City Commissioner Don L. Crawford presented Dr. King with a key to the city on arrival and told him, “In this city there are some doors neither this key nor my persuasion can open to you.”
Over 6,500 people attended the speech, which was interrupted by applause 26 times.
Dr. King told the crowd that Blacks “have come a long, long way but we have a long, long way to go.”
“We stand on the borderline. The system of segregation is on its deathbed. The only uncertainty is how costly the segregationists will make the funeral,” he said.
Less than two weeks later, Dr. King addressed 296 graduates at the 113th commencement at Antioch College in Yellow Springs. He was accompanied by his wife, Coretta Scott King, a former Antioch student.
>> Civil rights icon earned her degree from an area college
Of Antioch, King said, “All men of good will are indebted to this institution for its heritage. I am indebted to Antioch for having given me a marvelous wife.”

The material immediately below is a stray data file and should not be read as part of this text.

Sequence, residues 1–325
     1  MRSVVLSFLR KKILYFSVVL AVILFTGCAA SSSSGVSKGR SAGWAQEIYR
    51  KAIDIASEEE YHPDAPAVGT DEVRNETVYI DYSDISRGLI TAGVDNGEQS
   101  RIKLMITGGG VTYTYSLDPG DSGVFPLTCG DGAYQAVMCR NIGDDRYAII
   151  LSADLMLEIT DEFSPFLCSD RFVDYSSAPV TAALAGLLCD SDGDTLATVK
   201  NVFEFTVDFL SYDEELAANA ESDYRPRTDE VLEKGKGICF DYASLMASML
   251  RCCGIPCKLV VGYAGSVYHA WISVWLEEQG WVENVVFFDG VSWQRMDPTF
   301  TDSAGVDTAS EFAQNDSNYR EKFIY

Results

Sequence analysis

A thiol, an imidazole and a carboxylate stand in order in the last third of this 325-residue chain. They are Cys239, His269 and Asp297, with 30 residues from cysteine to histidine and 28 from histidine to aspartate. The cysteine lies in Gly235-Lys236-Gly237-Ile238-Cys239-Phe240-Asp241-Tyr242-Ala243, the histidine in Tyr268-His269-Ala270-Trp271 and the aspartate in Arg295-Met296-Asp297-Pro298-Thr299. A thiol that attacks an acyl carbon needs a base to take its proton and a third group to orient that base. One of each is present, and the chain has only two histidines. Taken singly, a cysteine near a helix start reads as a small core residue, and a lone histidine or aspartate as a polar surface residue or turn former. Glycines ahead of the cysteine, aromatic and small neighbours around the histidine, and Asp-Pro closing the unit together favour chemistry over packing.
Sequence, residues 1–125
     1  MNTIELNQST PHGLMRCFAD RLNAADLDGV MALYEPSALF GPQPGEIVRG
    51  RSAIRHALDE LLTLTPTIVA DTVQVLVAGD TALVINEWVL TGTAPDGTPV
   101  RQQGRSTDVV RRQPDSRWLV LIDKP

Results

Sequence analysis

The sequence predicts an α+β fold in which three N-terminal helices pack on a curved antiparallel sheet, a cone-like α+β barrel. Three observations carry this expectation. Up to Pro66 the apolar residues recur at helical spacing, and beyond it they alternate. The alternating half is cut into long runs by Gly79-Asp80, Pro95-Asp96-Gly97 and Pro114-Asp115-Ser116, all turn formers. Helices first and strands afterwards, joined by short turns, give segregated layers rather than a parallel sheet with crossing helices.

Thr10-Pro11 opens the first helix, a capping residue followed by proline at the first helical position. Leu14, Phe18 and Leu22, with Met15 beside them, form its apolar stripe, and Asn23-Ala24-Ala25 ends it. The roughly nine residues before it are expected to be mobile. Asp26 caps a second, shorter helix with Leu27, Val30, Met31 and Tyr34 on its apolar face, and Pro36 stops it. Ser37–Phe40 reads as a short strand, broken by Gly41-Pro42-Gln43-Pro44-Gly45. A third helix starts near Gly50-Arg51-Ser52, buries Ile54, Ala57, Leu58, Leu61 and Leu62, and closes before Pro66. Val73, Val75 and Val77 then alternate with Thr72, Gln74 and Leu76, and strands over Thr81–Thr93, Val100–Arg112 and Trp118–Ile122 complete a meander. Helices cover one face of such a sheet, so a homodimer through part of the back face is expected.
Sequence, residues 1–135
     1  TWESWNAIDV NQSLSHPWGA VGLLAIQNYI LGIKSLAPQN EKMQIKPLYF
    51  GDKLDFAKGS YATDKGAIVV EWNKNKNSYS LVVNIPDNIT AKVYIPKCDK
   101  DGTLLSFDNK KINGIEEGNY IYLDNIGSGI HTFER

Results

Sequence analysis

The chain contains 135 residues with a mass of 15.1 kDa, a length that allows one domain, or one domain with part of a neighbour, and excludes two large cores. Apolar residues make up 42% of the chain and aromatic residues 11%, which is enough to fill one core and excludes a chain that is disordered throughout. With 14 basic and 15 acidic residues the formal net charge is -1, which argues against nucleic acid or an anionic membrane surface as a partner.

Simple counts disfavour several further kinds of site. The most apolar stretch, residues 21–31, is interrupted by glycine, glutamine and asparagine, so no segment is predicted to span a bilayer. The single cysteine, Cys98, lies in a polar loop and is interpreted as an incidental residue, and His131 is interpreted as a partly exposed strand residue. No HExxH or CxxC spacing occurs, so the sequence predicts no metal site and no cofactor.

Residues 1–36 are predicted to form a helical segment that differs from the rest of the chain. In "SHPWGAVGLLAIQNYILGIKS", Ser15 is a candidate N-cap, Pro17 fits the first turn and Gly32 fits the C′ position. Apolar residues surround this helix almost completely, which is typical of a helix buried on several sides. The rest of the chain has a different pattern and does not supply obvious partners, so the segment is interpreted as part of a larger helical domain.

Unbeknownst that day, Dr. King had been targeted for an assassination attempt during the visit to Antioch.
Daniel Wagner, a 19-year-old from Baltimore with a history of juvenile arrests, testified to the House Un-American Activities Committee in Washington, D.C. in February 1966 that he had been part of a plot to kill Dr. King with a rifle purchased from Eloise Witte of Cincinnati.
Wagner told the committee that Witte was to furnish 10 additional men who would fire into the crowd at the outdoor commencement while he would shoot Dr. King, according to a story published in the Dayton Daily News on Feb. 11, 1966.
Witte, however, cancelled the assassination plot a few days before Antioch’s commencement because she couldn’t “get organized for that because of her work at the same time for a rally of the Ku Klux Klan near South Lebanon,” the Dayton Daily News reported Feb. 11, 1966.